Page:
As mentioned before, we’ve had some amazing weekends away at tea plantations. Several estates have renovated the old colonial homes into guest houses, including Lujeri and Huntington House. Both sites are stunning, as I’ve written about before. There is something about the houses and the pace of life on the estate that makes you feel like you have truly gone back in time. The weekends spent at tea estates are always full of time outside, playing lawn sports (including the newly discovered paddle tennis) and drinking tea or gin and tonics. It is easy to take the sprawling, emerald tea fields for granted, believing them to have been planted there just to make the estates more picturesque, more breath-takingly beautiful. Yet tea, as a cash crop, plays a crucial role in the history of Malawi and its current economy.
While researching tea for an article for Ulendo, I discovered that Malawi is the oldest consistent producer of tea on the entire African continent.
A Brief History of Tea Cultivation in Malawi
Deep within the Blantyre CCAP Mission’s botanical gardens are the two oldest growing tea plants in Africa. These two plants are responsible for one of Malawi’s largest exports and some of the finest tea produced in the world. Tea cultivation in Africa began as early as 1850 in Natal, South Africa, where it was later abandoned to grow sugar. After Natal, Malawi (or then Nyasaland) developed tea as a cash crop and is the oldest ongoing tea producer on the continent.
The early European settlers in Nyasaland concentrated on coffee and tobacco but continued to experiment with tea, wheat, ginger, and fruit trees in their gardens. The first shipment of tea and coffee plants arrived in Nyasaland in 1878 from the Royal Botanical Gardens in Edinburgh, yet only one coffee plant seedling survived the long voyage. Mr. Elmslie, a missionary, brought another shipment of seedlings from Edinburgh in 1886. According to most sources, the Blantyre Mission gardener, Mr. Duncan, was able to keep two of the tea plants alive where they continue to grow today. Other sources, however, dispute the provenance of these two tea plants. In 1895, the Nyasaland Foreign Office demanded to know why plants had not been sent by Kew Gardens. The manager of Kew Gardens at the time, Sir W. Thistleton Dyer, responded defensively that he had indeed sent several consignments of tea plants in June 1886, September 1886, and August 1894. Sir Dyer complained that no acknowledgement of receipt had been sent. We know the three shipments passed through the African Lakes Company and on to Dr. Laws at the Livingstonia Mission. There is no record, however, of the tea surviving or being planted, but there is some speculation that the two plants at the Blantyre Mission could be from the Kew Gardens.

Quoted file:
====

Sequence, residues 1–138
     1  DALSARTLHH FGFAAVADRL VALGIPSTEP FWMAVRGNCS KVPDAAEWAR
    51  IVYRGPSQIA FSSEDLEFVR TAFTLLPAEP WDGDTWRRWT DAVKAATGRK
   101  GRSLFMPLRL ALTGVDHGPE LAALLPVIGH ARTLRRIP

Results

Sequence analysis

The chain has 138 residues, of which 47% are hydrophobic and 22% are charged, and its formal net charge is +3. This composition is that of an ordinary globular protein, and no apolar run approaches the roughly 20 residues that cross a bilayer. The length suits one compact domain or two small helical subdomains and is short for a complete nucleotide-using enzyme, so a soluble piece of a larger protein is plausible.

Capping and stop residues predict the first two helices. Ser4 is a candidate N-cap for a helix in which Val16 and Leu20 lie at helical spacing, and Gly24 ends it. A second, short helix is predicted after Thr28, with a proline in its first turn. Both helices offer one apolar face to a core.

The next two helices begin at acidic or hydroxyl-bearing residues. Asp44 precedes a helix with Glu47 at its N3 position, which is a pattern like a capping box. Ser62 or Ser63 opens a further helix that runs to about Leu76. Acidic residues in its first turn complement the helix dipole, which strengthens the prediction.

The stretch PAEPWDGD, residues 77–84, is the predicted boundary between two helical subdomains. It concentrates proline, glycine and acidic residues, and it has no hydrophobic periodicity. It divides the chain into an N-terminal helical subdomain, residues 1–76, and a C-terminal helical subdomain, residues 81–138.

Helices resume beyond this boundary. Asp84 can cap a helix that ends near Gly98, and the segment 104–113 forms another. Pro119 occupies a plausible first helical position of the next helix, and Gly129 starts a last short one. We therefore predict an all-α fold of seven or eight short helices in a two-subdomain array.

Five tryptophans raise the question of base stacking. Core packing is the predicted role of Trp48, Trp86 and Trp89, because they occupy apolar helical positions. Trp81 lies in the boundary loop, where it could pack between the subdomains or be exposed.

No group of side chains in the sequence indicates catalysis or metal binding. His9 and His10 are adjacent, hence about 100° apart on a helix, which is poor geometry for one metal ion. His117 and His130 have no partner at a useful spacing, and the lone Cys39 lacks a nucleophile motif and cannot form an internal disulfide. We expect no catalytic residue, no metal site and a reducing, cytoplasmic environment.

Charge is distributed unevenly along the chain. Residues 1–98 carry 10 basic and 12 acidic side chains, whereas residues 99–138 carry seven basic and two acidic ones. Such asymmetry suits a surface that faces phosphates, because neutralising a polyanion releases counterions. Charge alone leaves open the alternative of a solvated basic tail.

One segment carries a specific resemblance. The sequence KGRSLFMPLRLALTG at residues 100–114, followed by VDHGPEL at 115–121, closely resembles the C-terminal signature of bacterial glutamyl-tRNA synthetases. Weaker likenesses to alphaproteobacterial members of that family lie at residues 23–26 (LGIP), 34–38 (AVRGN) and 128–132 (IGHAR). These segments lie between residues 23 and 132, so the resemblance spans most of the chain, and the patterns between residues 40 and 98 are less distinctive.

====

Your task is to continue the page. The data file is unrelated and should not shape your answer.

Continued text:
While the Missionaries were responsible for nurturing the first Nyasaland tea plants, Henry Brown is often thought of as the father of the Nyasaland tea industry. He moved to Nyasaland in 1891 after his coffee plantations in Ceylon were decimated by disease. Mr. Brown had seen the tea plants at the Mission and asked for twenty seeds, which he planted in Mulanje at his Thornwood Estate and at Lauderdale Estate. Mr. Brown was passionate about the tea’s potential and replaced every dead coffee plant with tea on his estate until it became the predominant crop. A contemporary of Mr. Brown, Rev. A. J. Smith wrote that “the real pioneer of tea in Nyasaland is undoubtedly Mr. Henry Brown who … for many years persevered through sunshine and storm to make the industry a success.”